What exactly does it mean when we say, “Home is where the heart is”?
As social animals we all need and long for meaningful connection with others. In so doing we maintain our sense of well-being. We also have a sentimental attachment to the words from the television series “Cheers” where we long for a place where “Everybody knows your name”. But is name recognition all there is to satisfying intimacy? Is a pub where we really find durable connections? Sometimes maybe it is. Mostly no.
What then is this perennial search for intimacy all about? Is it something that we can fully realize? Or, are we setting ourselves up for failure with unrealistic standards?
I have traveled and lived all over the world. I slowly have come to the conclusion that what I am searching for cannot be fully found in one place or group outside of a primary relationship.
The other evening in a group of friends, all in our seventies, we talked of this common longing for connection. There was a time in all of our lives when we could recall a deep bond of friendships with others. That remembered ‘gold standard’ is seldom replicated. But we continue to search for it anyway. Those days are often way back in the forgotten mists of days gone by.
My deepest friendship bonds were in my twenties and thirties where factors like parenting, graduate school, and sporting activities bound my life with that of others. But this entire web of relationships fell apart when I graduated, migrated to the USA, and got divorced. Most bi-cultural people I know never fully feel a part of wherever they go.
Maybe this sense of being disconnected can also be due to my being male. I observe my wife’s close friendship bonds with other women and envy this “female” penchant for closer ties. However, I cannot use my maleness as an excuse for my tenuous connections. As an immigrant of nearly four decades I perpetually feel like an outsider and never a native. In our village you are only a native if your grandparents are buried in the local cemetery.
The fact is there are different levels of community. One of our longstanding friends is currently going through the death of her husband. There is a saying in our village “No person dies alone here“. Evidence of the latter was a rotating group of helpers that delivered meals, helped her lift her husband in and out of bed, and sat with him so that she could get a break from her caretaker role, and packed the local church for his funeral. Why does this not register with me as a durable or deep community bond?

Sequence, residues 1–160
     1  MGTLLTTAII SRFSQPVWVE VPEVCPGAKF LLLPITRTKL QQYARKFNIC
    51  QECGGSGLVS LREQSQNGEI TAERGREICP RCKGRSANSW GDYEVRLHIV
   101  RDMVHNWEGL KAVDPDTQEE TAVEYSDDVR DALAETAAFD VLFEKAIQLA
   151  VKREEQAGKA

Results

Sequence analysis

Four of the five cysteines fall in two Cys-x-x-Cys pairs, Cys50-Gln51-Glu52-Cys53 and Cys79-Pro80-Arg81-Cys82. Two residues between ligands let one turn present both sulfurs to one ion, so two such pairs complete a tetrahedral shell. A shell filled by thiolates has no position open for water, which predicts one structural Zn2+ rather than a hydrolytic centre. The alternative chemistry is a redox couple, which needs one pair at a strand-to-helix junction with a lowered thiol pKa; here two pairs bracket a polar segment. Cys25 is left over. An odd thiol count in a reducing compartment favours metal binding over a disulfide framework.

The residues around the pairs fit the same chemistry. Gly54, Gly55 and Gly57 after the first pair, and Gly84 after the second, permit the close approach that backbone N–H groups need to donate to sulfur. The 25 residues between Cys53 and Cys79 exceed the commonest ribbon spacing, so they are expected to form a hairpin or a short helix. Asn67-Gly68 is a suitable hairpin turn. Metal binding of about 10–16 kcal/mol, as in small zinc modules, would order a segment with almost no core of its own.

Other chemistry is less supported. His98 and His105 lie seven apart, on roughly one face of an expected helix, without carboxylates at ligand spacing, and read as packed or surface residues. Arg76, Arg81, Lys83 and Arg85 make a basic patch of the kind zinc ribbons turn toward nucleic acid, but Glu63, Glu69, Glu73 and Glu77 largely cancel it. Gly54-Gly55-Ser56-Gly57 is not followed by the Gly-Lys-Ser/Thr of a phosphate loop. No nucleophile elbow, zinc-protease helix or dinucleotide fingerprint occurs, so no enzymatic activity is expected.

These are the somewhat pessimistic musings of an introvert.
But could there not be another reason why it so difficult to find community? Maybe we set up impossibly high standards for companionship. Also most of us change as we get older and no longer place a high value on running with the crowd. Instead we place a greater premium on solitude.
What I’ve come to realize is that maybe I have been searching for personal relationship satisfaction in all the wrong places.
A solution to loneliness is by us going inward before we venture outward.
So instead of the downer prompted by the “no close friends” and “you are an outsider” litany of woe (unadulterated self-pity and ego preoccupation on my part of course), there could be a more obvious solution.
The keys to real community are in my pocket not with others. It comes to light when I make the choice to see my true person withinmyself and others, appreciate our oneness, and celebrate what I see. This is more compassionate than viewing our world in terms of relationship deficits.
I guess that is what “loving your neighbor as yourself”is all about. That is the place of rapprochement, genuine human connection, and the building block of community. It is also a way of seeing myself in them, both the dark and light side. We all walk in each other’s shoes, share each other’s shadow self, and are united in both life and death.